On the evening of March 18, 1987, the American Physical Society, physicists’ century-old professional organization, was midway through its annual meeting when the scientists in attendance crowded the hallways of the New York Hilton, eager to elbow their way into the big second-floor ballroom for a special evening session. The year before, two physicists, J. Georg Bednorz and Karl Alex Müller, had discovered that certain compounds of ceramic materials were remarkable “superconductors” of electricity: electrons flowed through them without any loss. Whereas resistance had been a given for any conductor of electricity—including the aluminum and copper used in power wires—these new ceramics had none, even at temperatures significantly higher than earlier superconductors. Condensed-matter scientists like Bednorz and Müller typically keep a lower profile than the astrophysicists or nuclear physicists accustomed to holding the spotlight with grand pronouncements about the nature of the universe. But in this instance, with these new superconductors raising the prospect of fantastic new applications—levitating trains, electric cars, new imaging tools like MRIs—the field went into a frenzy. Physicists around the world hoping to replicate (if not exceed) Bednorz and Müller’s superconducting success began testing new combinations of materials, looking for an organic mix that could begin superconducting at higher temperatures. Using the Kelvin scale (which starts at the scientific constant of absolute zero, or −273 degrees Celsius), Bednorz and Müller saw superconductivity at the then shocking 35 K (or −238 degrees Celsius). Soon others were leaping ahead, finding new material that worked at 38 K, then 52 K. According to Douglas Scalapino, now a professor emeritus at the University of California, Santa Barbara, it was as if everyone were running a four-minute mile: “You could go to any track meet, and some guy was breaking it.”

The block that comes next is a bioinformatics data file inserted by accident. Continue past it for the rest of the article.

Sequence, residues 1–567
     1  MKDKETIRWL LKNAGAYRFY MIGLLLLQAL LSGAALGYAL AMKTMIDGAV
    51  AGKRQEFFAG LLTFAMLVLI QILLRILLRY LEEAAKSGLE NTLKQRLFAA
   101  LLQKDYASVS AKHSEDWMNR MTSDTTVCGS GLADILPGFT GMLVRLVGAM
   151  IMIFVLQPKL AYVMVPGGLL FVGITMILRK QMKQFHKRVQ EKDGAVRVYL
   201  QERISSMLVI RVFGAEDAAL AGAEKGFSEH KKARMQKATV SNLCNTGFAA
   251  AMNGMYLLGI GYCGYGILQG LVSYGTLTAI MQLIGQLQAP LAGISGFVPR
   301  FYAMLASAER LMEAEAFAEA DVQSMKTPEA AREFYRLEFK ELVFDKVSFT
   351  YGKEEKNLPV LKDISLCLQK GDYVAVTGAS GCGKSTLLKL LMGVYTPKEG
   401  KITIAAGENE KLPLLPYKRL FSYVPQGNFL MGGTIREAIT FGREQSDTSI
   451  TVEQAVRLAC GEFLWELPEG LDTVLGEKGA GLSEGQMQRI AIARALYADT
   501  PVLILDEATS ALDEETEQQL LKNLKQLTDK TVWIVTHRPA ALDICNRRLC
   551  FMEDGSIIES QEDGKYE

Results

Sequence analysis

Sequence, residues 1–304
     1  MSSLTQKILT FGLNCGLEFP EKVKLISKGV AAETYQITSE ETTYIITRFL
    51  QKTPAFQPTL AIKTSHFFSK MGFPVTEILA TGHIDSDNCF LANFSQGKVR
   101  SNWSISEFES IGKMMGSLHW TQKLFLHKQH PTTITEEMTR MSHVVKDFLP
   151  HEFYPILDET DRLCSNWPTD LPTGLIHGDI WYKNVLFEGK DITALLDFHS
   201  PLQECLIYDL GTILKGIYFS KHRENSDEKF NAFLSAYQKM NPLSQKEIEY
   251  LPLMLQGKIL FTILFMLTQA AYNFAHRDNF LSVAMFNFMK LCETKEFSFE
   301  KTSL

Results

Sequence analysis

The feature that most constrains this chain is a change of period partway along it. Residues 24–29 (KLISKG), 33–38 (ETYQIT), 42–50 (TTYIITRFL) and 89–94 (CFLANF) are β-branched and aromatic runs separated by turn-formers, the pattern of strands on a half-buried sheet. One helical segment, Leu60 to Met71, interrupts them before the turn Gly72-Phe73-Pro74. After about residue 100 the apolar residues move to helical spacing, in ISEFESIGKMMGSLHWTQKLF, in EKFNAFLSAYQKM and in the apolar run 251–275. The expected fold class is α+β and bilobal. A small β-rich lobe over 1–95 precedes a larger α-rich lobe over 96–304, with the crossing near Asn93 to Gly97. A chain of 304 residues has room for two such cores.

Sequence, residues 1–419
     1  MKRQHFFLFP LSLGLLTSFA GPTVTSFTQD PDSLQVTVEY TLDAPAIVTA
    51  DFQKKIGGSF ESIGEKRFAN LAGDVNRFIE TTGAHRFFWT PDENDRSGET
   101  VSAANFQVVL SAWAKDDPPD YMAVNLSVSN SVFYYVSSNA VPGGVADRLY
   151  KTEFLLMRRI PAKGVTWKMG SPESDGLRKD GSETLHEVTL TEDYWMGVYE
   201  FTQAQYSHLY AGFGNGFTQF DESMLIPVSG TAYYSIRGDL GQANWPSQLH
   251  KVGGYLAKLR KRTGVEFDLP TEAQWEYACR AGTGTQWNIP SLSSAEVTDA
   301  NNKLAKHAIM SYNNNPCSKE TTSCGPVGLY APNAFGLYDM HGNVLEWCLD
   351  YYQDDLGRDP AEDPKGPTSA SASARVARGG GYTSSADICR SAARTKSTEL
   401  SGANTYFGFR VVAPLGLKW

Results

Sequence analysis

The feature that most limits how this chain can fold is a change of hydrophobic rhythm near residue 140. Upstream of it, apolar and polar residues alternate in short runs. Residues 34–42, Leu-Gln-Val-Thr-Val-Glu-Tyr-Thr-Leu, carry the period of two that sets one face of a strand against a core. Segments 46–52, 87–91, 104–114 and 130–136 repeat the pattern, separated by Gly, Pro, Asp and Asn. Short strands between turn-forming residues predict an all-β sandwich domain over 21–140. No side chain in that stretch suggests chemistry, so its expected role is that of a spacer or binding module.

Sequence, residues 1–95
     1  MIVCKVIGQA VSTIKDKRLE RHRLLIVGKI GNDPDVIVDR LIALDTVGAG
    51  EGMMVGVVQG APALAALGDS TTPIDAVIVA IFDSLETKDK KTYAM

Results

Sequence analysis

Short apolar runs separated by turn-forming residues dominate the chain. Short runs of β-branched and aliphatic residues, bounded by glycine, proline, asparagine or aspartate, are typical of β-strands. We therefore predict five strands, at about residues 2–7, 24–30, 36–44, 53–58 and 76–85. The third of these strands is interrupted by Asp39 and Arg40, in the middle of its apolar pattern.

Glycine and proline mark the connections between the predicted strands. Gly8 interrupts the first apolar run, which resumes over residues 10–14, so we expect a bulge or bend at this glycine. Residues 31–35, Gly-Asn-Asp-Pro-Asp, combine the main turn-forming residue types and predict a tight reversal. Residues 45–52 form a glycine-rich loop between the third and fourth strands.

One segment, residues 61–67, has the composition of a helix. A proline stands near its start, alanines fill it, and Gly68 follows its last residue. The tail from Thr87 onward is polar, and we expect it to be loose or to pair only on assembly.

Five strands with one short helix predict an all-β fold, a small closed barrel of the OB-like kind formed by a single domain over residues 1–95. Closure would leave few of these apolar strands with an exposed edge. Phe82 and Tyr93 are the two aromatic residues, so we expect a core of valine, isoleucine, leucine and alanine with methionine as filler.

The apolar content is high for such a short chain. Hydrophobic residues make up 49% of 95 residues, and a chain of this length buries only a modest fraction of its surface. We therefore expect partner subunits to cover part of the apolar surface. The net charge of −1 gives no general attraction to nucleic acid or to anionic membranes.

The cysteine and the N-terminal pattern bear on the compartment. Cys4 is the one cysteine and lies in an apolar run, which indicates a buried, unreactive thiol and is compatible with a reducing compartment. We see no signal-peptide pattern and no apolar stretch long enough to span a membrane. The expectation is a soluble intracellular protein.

In that pre-internet era, with the rate of discovery outpacing the scientific publishing process, physicists were ravenous for news of the latest breakthroughs. Three thousand of them crammed into the Hilton ballroom for the High Temperature Superconductivity Symposium, while hundreds more watched on TVs set up in the hotel corridors. In a marathon session that soon became known as the “Woodstock of physics,” fifty-one separate presentations went on until 3:15 am, with example after example of new superconducting feats. It became a singular event in modern science, its legend fueled by a Nobel Prize that year for Bednorz and Müller and a cover story in Time magazine (“Superconductors!”).